There are just over 9 million children in England’s schools, and just about every adult has been to school at some point in their life.
It’s one of the main reasons why improving schools is so complicated – because nearly everyone has a view on what should happen, based on their own experience or that of their kids.
It’s also why debates about school funding cut through to public consciousness so much more than different, bigger, problems that affect ‘other people’s kids’ – like the sorry state of children’s social care. Other than when (thankfully rare) cases of the most extreme abuse hit the headlines, the failure to effectively support the children and families here continues away from public attention.
The bitter irony is that if the care system wasn’t so broken the pressures on schools and teachers would be much lower and more manageable: we’d retain more teachers if first we recruited, trained and retained more social workers.
The numbers involved are relatively small: just over 50,000 children on a ‘Child Protection Plan’ and around 80,000 ‘Children Looked After’.
Talk to anyone in a pastoral role in schools though and they’ll tell you that these figures would probably be much higher if the threshold to get councils to intervene wasn’t so high due to lack of staff. (In the year to March 2020 there were 135,000 investigations where the child was suspected of suffering harm that did not result in a child protection plan.)
Still, compared to the number of children overall it’s a small proportion. And it’s not like we don’t spend lots of money either because we – rightly – do: well over £10bn a year.
However the overall system is so dysfunctional that this money isn’t getting anywhere near the kind of results the kids concerned deserve. Wherever you look – exam results, offending rates, mental and physical health, you name it – they’re miles off what you’d want for your own child, in spite of everyone’s effort and all that money.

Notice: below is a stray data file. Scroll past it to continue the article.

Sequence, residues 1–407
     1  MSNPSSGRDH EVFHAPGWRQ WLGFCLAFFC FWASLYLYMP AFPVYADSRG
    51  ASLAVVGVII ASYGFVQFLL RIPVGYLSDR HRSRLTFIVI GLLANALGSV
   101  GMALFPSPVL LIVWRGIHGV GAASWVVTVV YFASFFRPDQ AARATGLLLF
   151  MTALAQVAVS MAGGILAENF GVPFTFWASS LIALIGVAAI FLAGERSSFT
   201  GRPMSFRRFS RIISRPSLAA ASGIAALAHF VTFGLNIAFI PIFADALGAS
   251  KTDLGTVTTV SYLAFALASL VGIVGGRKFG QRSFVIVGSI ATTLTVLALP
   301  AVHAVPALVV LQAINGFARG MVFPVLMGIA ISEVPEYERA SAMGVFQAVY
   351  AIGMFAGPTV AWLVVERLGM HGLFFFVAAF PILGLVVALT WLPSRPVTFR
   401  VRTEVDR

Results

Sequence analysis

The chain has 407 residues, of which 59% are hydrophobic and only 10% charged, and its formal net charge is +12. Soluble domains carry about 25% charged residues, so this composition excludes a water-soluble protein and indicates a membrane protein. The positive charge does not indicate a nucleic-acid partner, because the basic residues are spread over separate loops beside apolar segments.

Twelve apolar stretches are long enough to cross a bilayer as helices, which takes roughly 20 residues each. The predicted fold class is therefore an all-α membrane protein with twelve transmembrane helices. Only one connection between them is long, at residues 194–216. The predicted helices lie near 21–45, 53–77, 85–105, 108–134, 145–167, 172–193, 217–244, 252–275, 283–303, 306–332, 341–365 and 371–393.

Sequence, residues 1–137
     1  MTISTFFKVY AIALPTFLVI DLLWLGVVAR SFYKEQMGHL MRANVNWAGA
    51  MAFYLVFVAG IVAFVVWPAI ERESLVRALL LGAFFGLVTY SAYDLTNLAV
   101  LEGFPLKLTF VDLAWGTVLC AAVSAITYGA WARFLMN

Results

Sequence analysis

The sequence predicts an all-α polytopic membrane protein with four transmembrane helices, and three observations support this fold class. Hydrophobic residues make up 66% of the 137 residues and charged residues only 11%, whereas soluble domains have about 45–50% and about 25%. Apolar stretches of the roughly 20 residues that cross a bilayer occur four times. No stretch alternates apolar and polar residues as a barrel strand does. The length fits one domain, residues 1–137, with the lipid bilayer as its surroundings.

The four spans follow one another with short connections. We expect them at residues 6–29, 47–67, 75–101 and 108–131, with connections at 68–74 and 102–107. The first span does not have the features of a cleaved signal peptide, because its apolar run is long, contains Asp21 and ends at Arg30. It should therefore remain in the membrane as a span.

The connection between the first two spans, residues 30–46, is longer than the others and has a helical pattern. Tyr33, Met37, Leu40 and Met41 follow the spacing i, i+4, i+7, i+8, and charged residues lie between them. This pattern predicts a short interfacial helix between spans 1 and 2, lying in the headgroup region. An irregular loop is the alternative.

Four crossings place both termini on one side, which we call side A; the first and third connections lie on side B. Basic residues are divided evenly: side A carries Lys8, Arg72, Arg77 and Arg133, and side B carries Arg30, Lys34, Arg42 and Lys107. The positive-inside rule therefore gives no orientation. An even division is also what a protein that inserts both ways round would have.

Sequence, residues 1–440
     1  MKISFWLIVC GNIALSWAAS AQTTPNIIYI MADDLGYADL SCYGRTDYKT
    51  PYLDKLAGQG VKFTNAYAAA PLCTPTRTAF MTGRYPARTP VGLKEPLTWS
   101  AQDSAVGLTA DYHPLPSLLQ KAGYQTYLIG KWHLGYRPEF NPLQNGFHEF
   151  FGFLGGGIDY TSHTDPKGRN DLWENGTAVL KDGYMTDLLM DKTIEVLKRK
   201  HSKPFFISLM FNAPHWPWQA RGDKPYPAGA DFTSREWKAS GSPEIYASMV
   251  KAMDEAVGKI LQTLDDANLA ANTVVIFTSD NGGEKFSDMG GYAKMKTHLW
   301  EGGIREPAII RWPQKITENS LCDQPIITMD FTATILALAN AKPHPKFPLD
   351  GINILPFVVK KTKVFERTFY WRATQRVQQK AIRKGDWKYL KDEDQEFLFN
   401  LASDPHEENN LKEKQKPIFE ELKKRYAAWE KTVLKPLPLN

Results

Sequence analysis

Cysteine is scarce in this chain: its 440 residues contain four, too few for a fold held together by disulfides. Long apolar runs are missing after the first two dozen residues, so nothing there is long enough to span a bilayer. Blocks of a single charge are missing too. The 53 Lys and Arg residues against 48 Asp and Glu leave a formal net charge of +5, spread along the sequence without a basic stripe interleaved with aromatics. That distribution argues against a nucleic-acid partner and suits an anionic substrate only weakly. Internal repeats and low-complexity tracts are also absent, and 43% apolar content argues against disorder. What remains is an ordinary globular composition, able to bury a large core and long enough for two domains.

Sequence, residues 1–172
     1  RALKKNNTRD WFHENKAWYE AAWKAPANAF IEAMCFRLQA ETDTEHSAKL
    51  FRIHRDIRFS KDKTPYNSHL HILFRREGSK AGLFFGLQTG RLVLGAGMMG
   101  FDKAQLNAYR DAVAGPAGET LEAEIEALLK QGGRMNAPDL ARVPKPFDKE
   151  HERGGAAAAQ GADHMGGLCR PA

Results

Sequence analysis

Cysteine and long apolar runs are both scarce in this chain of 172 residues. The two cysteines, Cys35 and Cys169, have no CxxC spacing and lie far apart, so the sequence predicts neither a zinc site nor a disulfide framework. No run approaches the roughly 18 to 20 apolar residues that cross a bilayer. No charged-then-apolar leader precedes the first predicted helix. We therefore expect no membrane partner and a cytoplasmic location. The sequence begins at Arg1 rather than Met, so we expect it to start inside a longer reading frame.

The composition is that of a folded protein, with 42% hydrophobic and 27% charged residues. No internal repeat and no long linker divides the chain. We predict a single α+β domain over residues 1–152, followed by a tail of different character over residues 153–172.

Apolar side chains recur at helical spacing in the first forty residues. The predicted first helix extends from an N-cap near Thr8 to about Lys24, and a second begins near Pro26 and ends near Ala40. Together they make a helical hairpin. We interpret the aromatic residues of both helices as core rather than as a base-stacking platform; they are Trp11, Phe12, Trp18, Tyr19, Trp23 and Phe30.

Whisper it though, we might be inching towards a coordinated plan to improve things.
Last year saw a flurry of pertinent activity across different bits of government. The Department for Education published a White Paper to transform how schools are organised and a Green Paper to overhaul the way special educational needs (SEN) is funded and delivered. The ‘Independent Review of Children’s Social Care’ reached its conclusion, as did National Panel Reviews into the deaths of Arthur Labinjo-Hughes and Star Hobson. Oh, and a Competition and Markets Authority study into care placements reported on the massive profits being made by private children’s homes.
These might sound technocratic exercises but they are far from that.
Put together, for the first time in a very long time there is a chance to properly rethink how schools, social care, health and local authorities can interact to better educate kids and keep them safe. Done right, this should make it easier to get the right support to a child, in the right place and at the right time.
As with all these things, after the announcements we’ve had relative silence whilst people work through how to actually implement things. But on the social care front we should start to hear details soon – and it can’t come soon enough.
For while the number of children and families in and around care is relatively small, the situations many of them face are horrific. The traumas they live with don’t stay just in their lives – they impact the world around them, including schools. And if helping some of the country’s most vulnerable kids alone isn’t enough reason to improve this part of the care system, the prospect of less stressed teachers and a better functioning school system ought to be.
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